In this post on the wheat pictures I've been making for the past twenty years I will look at the years from 2008-2012 to show my present practice of photographing in the Palouse in Washington from the ground.
To lay the foundation: in these years I am only working digitally and am not shooting film anymore. So, no darkroom prints. My pictures from 2008 tend to look like this:
from a trip in late August.
And look like this from a trip in June in 2009 (Wheat 2009):
These last two are in the permanent collection of the Museum of Art of the RI School of Design in Providence and were included in the exhibition America in View: Landscape Photography 1865 to Now.
The exhibition ended in January, 2013. I am proud that they were hung right across from a very beautiful Richard Misrach print.
These below are from the 2010 trip (Wheat 2010). I was there in early September.
And these below are from the 2011 trip (Wheat 2011), which was about a month earlier than I'd ever been, in mid May. A very different landscape:
more bare, somehow more essential and raw.
Last in this post, the 2012 trip (Wheat 2012), which was in late July:
This is a time where the wheat is growing and green but some fields have been cut or are about to be cut to harvest the first planting. Colors range from the golds and browns you see here to a dusty green. It is a time when the area is at its most lush. It also is the time of year when I first photographed the Palouse in the 90's and when the area seems most like a kind of paradise.
I am going to conclude this post soon but finish it with some context as to what it is like to photograph here. The area is extensive; really hundreds of square miles of rolling hills used for agriculture on a major scale. The base towns for the area are Pullman and Colfax, Washington, with the former being larger. Across the state border is Moscow, Idaho and it also serves as a base. Both Moscow and Pullman are state university towns. Going there seems like going back in time as these are places that aren't hip or trendy, aren't major tourist destinations, aren't on Frommer's "go to" list. Pickup trucks prevail, traffic is sparse, Wendy's, McDonalds and Denny's are common, with a few older cafes, particularly in Moscow and Colfax.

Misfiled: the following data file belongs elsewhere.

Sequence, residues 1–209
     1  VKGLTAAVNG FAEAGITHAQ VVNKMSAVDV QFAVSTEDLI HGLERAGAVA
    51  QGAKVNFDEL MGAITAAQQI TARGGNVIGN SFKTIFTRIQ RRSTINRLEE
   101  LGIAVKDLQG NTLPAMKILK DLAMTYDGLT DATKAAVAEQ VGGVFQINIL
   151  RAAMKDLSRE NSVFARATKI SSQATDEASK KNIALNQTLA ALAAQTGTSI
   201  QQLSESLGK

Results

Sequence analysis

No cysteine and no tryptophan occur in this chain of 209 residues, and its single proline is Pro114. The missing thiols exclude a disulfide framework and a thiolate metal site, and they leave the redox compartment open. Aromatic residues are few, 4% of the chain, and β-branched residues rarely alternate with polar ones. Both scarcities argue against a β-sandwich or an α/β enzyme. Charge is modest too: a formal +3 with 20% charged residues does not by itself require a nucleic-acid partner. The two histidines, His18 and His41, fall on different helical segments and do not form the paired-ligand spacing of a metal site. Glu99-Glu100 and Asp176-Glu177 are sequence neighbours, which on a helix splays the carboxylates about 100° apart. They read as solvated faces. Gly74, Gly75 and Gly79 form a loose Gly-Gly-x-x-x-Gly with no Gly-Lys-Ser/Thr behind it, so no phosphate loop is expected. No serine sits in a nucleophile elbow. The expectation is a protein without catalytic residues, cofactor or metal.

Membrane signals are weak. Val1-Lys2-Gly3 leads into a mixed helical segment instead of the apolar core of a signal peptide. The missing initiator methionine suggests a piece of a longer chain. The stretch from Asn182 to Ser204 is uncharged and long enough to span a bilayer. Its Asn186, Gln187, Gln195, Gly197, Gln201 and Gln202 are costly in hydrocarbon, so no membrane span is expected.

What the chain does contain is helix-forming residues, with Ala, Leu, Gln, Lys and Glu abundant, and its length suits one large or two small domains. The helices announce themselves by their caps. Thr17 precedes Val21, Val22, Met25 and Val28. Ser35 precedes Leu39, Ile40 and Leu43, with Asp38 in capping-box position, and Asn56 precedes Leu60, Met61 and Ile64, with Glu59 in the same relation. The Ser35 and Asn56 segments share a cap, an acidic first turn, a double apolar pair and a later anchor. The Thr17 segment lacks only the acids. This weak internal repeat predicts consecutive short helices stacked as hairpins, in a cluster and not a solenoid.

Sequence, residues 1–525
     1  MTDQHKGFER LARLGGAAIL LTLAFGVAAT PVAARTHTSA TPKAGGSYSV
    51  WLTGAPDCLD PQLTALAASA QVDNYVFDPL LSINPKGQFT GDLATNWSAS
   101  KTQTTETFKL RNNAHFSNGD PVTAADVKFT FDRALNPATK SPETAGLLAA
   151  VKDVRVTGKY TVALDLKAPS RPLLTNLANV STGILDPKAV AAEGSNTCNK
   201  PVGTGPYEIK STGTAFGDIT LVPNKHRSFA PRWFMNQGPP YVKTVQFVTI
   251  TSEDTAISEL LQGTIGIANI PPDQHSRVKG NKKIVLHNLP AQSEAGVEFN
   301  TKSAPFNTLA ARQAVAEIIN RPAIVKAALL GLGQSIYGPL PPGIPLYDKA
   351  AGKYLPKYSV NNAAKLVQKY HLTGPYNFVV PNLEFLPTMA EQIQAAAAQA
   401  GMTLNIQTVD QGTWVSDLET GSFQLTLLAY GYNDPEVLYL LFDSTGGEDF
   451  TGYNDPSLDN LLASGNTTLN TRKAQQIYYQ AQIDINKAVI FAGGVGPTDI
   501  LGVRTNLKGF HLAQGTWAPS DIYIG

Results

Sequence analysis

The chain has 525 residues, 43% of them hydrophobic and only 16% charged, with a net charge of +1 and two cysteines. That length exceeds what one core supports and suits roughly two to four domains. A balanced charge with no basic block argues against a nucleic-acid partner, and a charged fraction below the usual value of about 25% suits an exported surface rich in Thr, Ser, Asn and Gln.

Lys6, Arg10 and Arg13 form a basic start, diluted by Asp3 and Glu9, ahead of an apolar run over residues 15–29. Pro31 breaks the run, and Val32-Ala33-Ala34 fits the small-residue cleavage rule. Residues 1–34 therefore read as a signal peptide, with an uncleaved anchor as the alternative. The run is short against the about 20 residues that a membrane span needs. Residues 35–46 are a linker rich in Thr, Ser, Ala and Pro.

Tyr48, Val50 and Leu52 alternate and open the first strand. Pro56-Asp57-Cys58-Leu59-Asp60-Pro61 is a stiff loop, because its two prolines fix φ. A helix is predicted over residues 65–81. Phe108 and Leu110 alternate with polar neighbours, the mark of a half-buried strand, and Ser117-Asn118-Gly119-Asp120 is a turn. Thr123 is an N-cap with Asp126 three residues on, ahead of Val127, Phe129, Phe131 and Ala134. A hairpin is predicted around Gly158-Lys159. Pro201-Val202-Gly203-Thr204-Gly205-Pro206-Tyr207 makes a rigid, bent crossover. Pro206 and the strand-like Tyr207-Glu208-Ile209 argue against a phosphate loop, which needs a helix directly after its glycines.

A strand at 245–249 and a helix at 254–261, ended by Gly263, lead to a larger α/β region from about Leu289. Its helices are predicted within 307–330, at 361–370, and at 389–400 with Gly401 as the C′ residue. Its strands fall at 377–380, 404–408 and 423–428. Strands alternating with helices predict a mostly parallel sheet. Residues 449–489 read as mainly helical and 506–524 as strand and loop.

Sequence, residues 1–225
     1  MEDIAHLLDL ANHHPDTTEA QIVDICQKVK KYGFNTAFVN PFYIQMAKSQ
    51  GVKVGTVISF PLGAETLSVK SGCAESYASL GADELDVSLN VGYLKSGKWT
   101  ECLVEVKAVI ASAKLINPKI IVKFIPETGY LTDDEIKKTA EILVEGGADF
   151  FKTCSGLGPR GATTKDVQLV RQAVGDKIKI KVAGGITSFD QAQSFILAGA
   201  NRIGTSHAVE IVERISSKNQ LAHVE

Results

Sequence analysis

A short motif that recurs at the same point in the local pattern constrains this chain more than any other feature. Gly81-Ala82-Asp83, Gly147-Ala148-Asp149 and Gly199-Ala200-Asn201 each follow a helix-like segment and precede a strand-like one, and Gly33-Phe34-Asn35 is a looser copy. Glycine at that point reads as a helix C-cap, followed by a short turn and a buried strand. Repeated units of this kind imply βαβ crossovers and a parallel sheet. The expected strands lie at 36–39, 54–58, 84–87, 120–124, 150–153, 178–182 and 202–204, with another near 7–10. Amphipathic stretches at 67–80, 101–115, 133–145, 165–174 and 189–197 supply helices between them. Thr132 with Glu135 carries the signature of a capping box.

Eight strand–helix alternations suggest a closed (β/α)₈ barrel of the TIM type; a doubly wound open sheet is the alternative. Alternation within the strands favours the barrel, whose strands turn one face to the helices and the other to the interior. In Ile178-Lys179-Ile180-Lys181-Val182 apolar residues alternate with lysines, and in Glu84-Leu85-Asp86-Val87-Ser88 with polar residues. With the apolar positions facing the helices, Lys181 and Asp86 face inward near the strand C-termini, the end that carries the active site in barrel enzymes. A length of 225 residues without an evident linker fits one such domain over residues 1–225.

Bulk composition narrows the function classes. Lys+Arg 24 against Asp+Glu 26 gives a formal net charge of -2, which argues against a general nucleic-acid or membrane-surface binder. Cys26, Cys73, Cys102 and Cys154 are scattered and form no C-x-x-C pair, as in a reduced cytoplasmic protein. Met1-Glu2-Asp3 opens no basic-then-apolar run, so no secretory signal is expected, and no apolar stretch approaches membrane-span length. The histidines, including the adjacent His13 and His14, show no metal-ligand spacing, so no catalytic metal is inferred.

My days while there are spent driving and photographing. The whole area is criss- crossed with dirt farm roads, dusty single lane paths that are used by farmers to get access to their fields. They also provide unsurpassed access to almost anywhere when in the fields. My "kit" is simple: my DSLR with the 70-200 lens attached in the back seat of the rental car, sometimes lying back there with tripod attached and sometimes not. If it is bright out many of my pictures are shot hand held. Other lenses are kept in the case, either in the trunk or on the back seat. I photograph early and late in the day to use the best light. It seldom rains.
Each time of year is very different in the Palouse, as I you've seen. I can't really state a favorite as they all are beautiful. I have been in all seasons, except winter and have that on my "to do" list for the next year or two.
I have to be careful this doesn't become a rant but over the years I've been photographing in the Palouse, other photographers have found it. There are photo trips, workshops, demos and meeting up with photo heroes. I don't think I've played a part in this as I don't know that many people have seen my wheat pictures. But I certainly know the area as well as anyone. If there was a groundswell of support behind the idea I would be honored to lead a group to the Palouse to photograph. Most of the other photography I've seen from the area, to be honest, doesn't look so good: cliché and over done pictorial banality, no offense intended. You'll get a chance to see in person whether I fail or pass this test as some of the work you've seen here and on my site will be in a show at the Danforth Museum in Framingham, MA opening Aril 6, 2013.
Next up, we'll look at other things I've shot while out in the area and then conclude with wheat aerial photographs.